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Monday, March 1st, 2010

Tracking scent to retirement

Celina's K9 unit to go out of service in April

By Margie Wuebker

Braylen Harlamert, left, pets Celina's K9, Nick, as Jack Ebbing looks on from th. . .

The Celina police officer gets out of the cruiser gingerly and stretches leisurely before snapping to attention at the sound of his partner's voice.    Nick, the department's K9 unit, does not move as fast as he once did, but his nose remains a key weapon in tracking down offenders - adults who break into business establishments and juveniles with a penchant for starting fires.
After nearly 10 years of service, the German Shepherd will retire April 16 and let Ted, a younger recruit, take over duties related to protecting the citizens of Celina and making numerous appearances at schools.
"We've been together a long time," Patrolman Dan Harting said, petting the docile 11-year-old that turns into a crime-fighting machine upon command. "I joined the department in 1996 and Nick came in 2000."
Nick blazed a trail as the department's first K9 unit, and assisted in the apprehension of numerous suspects over the years. He has left his mark - or rather his teeth marks - on just two individuals over the years.
"Nick is a highly trained police officer," Harting said, pointing to the official badge suspended from the canine's collar. "He's only got two bites on his record. One involved an escaped felon and the other a young man who hit me outside the Knights of Columbus Hall a few years back."
He put his nose to the ground following a suspicious Jan. 18 fire at the former Grand Slam USA Family Fun Center. Two brothers, ages 11 and 15, were charged with arson as well as breaking and entering, after Nick successfully tracked them three blocks from the fire scene to a Meadowview Drive apartment complex. Their cases are pending in Mercer County Juvenile Court.
"Nick's tracking skills are good but he can't run as fast anymore," Hartings said. "It takes him longer to recover after a track."
The dog has suffered no injuries over the years. His sense of smell remains keen when it comes to sniffing out tennis balls, drugs and occasional dog treats, but age has caught up with him in the form of arthritis, hip dysplasia and prostate problems.
Nick's mission these days is to show Ted the ropes. Sometimes the energetic 11/2-year-old pup is more than he can handle.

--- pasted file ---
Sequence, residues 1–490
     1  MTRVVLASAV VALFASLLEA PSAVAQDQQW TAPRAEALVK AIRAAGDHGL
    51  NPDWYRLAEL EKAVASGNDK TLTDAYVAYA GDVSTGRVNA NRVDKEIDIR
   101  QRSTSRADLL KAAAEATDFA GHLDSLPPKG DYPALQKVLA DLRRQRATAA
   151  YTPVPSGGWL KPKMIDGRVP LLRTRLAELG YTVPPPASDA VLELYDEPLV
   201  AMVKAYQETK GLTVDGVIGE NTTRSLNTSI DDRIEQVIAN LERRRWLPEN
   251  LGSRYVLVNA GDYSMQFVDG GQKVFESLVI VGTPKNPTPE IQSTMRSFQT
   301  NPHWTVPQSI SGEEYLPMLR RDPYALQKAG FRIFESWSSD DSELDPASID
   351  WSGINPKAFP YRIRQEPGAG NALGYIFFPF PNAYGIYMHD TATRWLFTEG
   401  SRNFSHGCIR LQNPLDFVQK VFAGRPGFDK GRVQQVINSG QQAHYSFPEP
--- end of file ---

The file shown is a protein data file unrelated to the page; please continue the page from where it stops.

Harting returned several weeks ago from Germany with Al Gill of Von Der Haus Gill Canine Academy near Waynesfield. They brought back 15 dogs, including 11 bound for duty with the Illinois State Police.
"Ted was not my first pick," Harting admitted with a smile. "I went to the kennel the next day and my first pick seemed skittish after the long trip. The stress caused him to bite one guy. I quickly narrowed the selection to Ted because he rebounded so quick from the trip and he reminded me a lot of Nick."
Six weeks of training leading to state and national certification await the medium-sized German Shepherd, who is considerably smaller than his mentor. Police dogs must respond immediately to the commands of their trainers. All of those commands are delivered in German, such as "platz" for sit or lay, but hand signals also are used because there are times when voice commands could tip off criminals hiding inside a building.
Students at Creative Discovery Preschool in Celina had an opportunity to meet both dogs last week.
Nick seemed happy to lay on a rug while nine pairs of hands caressed his sleek coat, only to be replaced by nine more pairs in short order. He showed no aggressive tendencies and only barked upon a hand signal from Harting.
Chief Dave Slusser watched the obvious display of affection with a satisfied smile. The veteran dog obviously relished the attention.
"This is the number one priority for our dog," he said flashing a smile. "He has to be well-trained and social, showing no aggression toward children and adults. Ted, like Nick, will make many public appearances and he has to be on his best behavior."
One little boy tried unsuccessfully to get Nick to roll over. Harting chuckled before pointing out "Rolling over is one trick K9 units don't learn," he added. "It wouldn't be good if they rolled over for a bad man."
Nick faces some adjustments in the coming weeks, particularly when Harting and Ted head off to training and he stays home.
"We've been a team for nearly a decade," Harting said. "And we will continue to be a team off duty hopefully for a lot of years to come."
City council is expected to approve an ordinance in the coming weeks allowing Harting to purchase Nick for a token dollar, so he can continue residing with him, his wife, Linda, and their five children. Loneliness should be the least of the animal's worries.
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